Pretend We're Dead: Capitalist Monsters in American Pop Culture

Pretend We're Dead: Capitalist Monsters in American Pop Culture

Annalee Newitz

In Pretend We’re Dead, Annalee Newitz argues that the slimy zombies and gore-soaked murderers who've stormed via American movie and literature during the last century include the violent contradictions of capitalism. Ravaged by means of overwork, alienated by way of company conformity, and mutilated through the unfettered lust for revenue, fictional monsters act out the issues with an economy that turns out designed to devour humans whole.

Newitz seems at representations of serial killers, mad medical professionals, the undead, cyborgs, and unfortunates mutated through their involvement with the mass media undefined. even if contemplating the serial killer who turns homicide right into a form of hard work through mass generating useless our bodies, or the hack writers and bloodthirsty actresses trapped within Hollywood’s profit-mad storytelling computing device, she unearths that every creature has its personal story to inform approximately how a freewheeling industry economic system turns humans into monstrosities.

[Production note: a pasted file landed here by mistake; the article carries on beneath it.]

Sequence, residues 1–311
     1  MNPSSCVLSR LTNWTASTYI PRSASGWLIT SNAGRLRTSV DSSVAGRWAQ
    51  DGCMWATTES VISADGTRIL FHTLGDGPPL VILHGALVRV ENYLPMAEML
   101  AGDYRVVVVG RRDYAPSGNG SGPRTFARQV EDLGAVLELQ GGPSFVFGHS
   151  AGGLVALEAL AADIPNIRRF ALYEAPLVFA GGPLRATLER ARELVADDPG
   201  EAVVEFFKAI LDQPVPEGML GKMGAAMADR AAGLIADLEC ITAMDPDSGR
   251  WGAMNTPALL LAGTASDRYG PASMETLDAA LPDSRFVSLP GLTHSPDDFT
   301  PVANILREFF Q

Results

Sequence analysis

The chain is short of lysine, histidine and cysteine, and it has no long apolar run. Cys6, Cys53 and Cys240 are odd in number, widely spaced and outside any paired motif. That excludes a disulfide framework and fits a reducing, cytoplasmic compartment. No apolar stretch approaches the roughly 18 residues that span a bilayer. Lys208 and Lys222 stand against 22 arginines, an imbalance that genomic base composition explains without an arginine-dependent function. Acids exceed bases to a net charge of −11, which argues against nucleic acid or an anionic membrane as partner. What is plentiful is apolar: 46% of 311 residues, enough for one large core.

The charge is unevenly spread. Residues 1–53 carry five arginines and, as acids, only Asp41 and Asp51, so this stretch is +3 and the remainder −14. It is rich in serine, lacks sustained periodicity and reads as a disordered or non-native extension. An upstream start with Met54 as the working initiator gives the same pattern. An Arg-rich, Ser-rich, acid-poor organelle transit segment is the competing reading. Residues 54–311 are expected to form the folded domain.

Newitz tracks the monsters spawned by way of capitalism via b videos, Hollywood blockbusters, pulp fiction, and American literary classics, their manifestations in works akin to Norman Mailer’s “true existence novel” The Executioner’s Song; the quick tales of Isaac Asimov and H. P. Lovecraft; the cyberpunk novels of William Gibson and Marge Piercy; true-crime books concerning the serial killers Ted Bundy and Jeffrey Dahmer; and films together with Modern Times (1936), Donovan’s Brain (1953), Night of the dwelling Dead (1968), RoboCop (1987), The Silence of the Lambs (1991), and Artificial Intelligence: AI (2001). Newitz indicates that as literature and picture inform it, the tale of yank capitalism because the past due 19th century is a story of body-mangling, soul-crushing horror.

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